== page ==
The move, driven by trade unions, comes after an African Union peer review mechanism report, which said the country had become economically unsustainable. The kingdom has a population growth rate of only 0.1 per cent because of HIV and emigration.
There are 1.8 million people living in the mountain kingdom, which has a struggling textile industry and a small diamond mine. Correspondent Alex Duval Smith says the informal economy is dominant.
“South African president Jacob Zuma is expected on a state visit in August,” said Duval Smith, “but the campaigners fear their calls will be resisted by their own politicians, who fear losing power.”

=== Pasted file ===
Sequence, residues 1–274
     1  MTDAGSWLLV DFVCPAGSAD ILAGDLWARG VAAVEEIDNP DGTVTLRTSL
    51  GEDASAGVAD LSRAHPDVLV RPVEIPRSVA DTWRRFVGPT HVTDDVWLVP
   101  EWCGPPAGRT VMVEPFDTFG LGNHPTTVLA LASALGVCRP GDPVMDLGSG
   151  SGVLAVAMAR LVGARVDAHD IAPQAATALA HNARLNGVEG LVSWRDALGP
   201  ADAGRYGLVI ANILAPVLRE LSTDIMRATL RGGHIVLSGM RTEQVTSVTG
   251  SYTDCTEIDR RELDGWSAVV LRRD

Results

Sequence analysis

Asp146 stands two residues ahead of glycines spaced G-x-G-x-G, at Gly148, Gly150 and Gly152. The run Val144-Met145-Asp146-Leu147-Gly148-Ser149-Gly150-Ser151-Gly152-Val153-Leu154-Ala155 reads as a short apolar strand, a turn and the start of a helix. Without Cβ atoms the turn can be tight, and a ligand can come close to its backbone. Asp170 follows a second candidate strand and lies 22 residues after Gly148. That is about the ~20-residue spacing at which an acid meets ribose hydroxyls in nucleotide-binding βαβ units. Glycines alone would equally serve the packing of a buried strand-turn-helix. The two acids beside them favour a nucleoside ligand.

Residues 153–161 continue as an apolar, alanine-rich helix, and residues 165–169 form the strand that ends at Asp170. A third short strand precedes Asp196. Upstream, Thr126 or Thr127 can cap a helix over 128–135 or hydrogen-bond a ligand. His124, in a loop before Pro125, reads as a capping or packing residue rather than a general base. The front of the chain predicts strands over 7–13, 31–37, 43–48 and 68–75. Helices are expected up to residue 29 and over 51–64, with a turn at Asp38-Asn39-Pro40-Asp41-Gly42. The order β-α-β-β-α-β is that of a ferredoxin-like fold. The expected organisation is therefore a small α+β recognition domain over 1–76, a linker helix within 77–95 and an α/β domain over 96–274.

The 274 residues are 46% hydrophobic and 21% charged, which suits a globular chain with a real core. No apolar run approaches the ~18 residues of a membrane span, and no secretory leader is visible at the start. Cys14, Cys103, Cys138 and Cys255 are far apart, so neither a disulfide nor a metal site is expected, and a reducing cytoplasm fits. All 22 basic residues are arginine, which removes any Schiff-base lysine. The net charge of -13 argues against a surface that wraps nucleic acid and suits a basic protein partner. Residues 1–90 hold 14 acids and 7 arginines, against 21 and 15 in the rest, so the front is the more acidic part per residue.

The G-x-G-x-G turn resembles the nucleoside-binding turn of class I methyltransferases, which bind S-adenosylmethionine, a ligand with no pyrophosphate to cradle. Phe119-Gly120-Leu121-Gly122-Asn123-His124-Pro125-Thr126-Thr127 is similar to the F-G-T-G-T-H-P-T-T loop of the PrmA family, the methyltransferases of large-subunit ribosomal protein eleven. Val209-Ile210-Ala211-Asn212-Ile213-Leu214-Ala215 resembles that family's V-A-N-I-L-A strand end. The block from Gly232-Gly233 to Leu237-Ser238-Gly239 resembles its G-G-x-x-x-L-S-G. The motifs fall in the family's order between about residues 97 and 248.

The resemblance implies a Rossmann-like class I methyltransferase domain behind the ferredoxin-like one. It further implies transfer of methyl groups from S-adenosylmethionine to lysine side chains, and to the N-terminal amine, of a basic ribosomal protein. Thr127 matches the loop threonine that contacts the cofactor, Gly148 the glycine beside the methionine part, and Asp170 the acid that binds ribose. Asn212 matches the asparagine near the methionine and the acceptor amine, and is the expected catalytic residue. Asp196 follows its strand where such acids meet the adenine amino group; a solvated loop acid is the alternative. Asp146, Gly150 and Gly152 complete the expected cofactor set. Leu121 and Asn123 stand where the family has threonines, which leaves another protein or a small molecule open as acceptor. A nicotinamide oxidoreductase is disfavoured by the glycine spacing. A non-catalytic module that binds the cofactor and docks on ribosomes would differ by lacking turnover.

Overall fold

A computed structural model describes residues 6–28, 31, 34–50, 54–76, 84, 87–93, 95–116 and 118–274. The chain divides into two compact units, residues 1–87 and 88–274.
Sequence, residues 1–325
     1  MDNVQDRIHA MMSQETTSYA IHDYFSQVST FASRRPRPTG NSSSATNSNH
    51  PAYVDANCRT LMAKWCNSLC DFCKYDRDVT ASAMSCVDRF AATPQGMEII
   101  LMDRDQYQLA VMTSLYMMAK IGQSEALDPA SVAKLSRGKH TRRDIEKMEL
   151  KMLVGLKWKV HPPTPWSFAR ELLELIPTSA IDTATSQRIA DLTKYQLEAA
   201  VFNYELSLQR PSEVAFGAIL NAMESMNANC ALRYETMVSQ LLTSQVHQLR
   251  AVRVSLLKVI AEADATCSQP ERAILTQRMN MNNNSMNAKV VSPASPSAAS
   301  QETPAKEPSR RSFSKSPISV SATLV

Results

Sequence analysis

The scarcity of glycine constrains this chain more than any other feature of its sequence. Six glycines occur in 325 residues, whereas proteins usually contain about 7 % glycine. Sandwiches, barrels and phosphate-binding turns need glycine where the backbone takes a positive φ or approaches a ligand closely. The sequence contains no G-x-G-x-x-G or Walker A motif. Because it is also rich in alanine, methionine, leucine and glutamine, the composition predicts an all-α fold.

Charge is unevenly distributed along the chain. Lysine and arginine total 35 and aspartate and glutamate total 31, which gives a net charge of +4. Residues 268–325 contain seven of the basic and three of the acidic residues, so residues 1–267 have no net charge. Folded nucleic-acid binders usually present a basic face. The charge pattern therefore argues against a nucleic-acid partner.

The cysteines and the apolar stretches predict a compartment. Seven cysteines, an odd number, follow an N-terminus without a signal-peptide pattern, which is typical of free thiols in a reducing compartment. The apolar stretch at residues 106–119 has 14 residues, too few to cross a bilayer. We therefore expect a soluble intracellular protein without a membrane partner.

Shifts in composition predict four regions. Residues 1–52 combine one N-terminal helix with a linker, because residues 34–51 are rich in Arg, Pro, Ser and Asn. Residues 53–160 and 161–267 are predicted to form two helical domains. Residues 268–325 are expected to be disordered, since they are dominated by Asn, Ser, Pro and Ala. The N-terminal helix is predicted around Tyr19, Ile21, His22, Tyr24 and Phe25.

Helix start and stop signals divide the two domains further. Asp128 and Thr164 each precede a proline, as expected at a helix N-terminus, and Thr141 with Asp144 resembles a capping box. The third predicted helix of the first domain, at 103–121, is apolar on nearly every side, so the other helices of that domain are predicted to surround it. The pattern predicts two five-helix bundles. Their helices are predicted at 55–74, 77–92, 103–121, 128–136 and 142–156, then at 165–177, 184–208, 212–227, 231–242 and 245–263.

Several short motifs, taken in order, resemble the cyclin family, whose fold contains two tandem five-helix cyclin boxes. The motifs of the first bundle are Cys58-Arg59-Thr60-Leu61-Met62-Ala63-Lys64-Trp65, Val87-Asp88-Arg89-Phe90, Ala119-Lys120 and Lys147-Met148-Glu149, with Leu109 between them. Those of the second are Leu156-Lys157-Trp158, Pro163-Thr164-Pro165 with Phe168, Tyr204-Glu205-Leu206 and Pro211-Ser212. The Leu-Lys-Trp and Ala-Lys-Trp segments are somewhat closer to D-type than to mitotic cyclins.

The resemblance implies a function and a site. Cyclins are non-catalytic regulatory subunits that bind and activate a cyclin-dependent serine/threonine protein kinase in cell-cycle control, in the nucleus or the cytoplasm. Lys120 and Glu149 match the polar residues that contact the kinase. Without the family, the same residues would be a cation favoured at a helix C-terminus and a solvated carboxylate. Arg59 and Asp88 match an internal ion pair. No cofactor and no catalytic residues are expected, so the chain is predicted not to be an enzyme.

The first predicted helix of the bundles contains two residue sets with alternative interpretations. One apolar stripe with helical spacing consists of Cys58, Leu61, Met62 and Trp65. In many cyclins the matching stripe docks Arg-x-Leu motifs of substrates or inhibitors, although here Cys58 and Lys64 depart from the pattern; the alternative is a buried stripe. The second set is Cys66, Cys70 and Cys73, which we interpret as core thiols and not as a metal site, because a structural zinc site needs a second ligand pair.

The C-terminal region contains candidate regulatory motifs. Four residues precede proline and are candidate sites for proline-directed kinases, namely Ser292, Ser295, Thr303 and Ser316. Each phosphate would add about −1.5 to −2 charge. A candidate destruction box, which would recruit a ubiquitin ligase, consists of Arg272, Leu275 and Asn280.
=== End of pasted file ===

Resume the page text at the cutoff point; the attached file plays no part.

The leader of the People’s Charter Movement said the king would remain king, following the Zulu example, and that Lesotho would also keep its parliament and flag.
“I doubt if the king is jittering about this move,” said Vuyani Tyhalim “because all Basutian Lesothian South Africans are paying allegiance to him. The people who are jittering are political leaders they want to defend their party base. They see themselves losing power and remaining poor.”